Ghana has finalized a pact with its official creditor committee to formalise a debt restructuring deal agreed in January, smoothing the path towards a release of further funding from the International Monetary Fund, its finance ministry said on Wednesday.

The outlines of the agreement pave the way for approval by the IMF's executive board for a second review of a $3 billion loan package and release of the next tranche of $360 million.

"The IMF Board's approval should also trigger more financial assistance from our development partners, particularly the World Bank," the finance ministry said in a statement.

The announcement confirms a Reuters report last week that a memorandum of agreement was about to be formalised.

Ghana is restructuring its debt to help it emerge from its worst economic crisis in a generation after defaulting on much of its overseas debt in 2022 amid soaring servicing costs.

Each creditor nation is now expected to sign the agreement individually, the ministry said, adding it would also bolster ongoing restructuring discussions with private creditors.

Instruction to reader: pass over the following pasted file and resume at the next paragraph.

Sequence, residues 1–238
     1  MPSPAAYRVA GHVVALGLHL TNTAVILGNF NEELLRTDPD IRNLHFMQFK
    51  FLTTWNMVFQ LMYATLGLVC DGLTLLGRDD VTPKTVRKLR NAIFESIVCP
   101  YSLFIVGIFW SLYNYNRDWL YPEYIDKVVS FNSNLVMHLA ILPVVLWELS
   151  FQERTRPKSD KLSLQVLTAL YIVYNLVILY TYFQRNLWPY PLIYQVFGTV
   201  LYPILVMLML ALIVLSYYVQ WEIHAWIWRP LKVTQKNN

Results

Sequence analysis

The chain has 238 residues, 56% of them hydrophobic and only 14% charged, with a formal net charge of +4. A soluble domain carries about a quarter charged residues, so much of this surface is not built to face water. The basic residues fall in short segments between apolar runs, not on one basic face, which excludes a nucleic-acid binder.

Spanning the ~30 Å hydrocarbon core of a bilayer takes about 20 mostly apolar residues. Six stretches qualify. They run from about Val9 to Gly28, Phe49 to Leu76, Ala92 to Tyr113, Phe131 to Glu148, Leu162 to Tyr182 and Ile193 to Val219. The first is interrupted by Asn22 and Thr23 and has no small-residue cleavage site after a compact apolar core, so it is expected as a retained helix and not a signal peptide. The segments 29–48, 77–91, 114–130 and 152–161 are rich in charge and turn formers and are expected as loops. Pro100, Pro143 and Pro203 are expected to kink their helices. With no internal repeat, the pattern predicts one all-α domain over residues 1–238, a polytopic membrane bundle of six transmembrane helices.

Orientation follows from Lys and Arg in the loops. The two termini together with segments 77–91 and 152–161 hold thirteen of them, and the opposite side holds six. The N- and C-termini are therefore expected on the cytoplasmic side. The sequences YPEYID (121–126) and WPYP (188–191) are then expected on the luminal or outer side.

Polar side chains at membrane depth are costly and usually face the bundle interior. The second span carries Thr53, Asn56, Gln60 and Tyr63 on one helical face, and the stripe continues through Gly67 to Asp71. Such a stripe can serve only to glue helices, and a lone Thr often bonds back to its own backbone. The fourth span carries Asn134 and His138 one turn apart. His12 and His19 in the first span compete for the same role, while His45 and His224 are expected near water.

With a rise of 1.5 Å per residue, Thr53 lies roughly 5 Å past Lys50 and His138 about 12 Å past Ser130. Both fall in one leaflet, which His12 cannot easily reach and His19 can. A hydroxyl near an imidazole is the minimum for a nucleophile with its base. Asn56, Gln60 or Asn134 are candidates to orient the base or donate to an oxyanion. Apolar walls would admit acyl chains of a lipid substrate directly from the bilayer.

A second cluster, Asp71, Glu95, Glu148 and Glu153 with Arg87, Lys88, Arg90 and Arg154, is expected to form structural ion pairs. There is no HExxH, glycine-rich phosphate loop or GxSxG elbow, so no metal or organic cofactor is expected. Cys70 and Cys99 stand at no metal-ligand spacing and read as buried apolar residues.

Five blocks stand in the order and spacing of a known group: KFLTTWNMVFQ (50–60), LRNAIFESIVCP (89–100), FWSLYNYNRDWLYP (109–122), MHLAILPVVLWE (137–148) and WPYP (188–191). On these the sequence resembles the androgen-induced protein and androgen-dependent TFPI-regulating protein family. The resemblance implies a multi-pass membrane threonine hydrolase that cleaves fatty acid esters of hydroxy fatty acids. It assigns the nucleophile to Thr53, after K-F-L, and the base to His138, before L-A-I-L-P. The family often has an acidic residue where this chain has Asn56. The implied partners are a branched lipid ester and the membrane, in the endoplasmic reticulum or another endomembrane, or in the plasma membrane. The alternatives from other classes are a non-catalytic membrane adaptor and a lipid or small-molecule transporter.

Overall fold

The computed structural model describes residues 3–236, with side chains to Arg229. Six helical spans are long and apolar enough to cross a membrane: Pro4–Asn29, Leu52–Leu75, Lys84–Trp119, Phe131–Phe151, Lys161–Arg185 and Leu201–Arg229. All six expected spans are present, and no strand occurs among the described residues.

Ghana's sovereign dollar bonds were little changed by 0837 GMT, with most issues trading between 50-51 cents on the dollar, a distressed level that suggests the market expects trims on private debt.

The financial terms of the agreement with official creditors remained unchanged from the deal agreed in January, the ministry said, adding it provided "significant debt service relief" during the period of the IMF-supported programme.

Ghana, the world's second largest cocoa producer, is also facing cocoa delivery delays due to poor harvests, a move that could cut its income and compound debt distress (Reporting by Maxwell Adombila Akalaare; Additional reporting by Libby George in London; Writing by Sofia Christensen and Duncan Miriri; Editing by Bernadette Baum)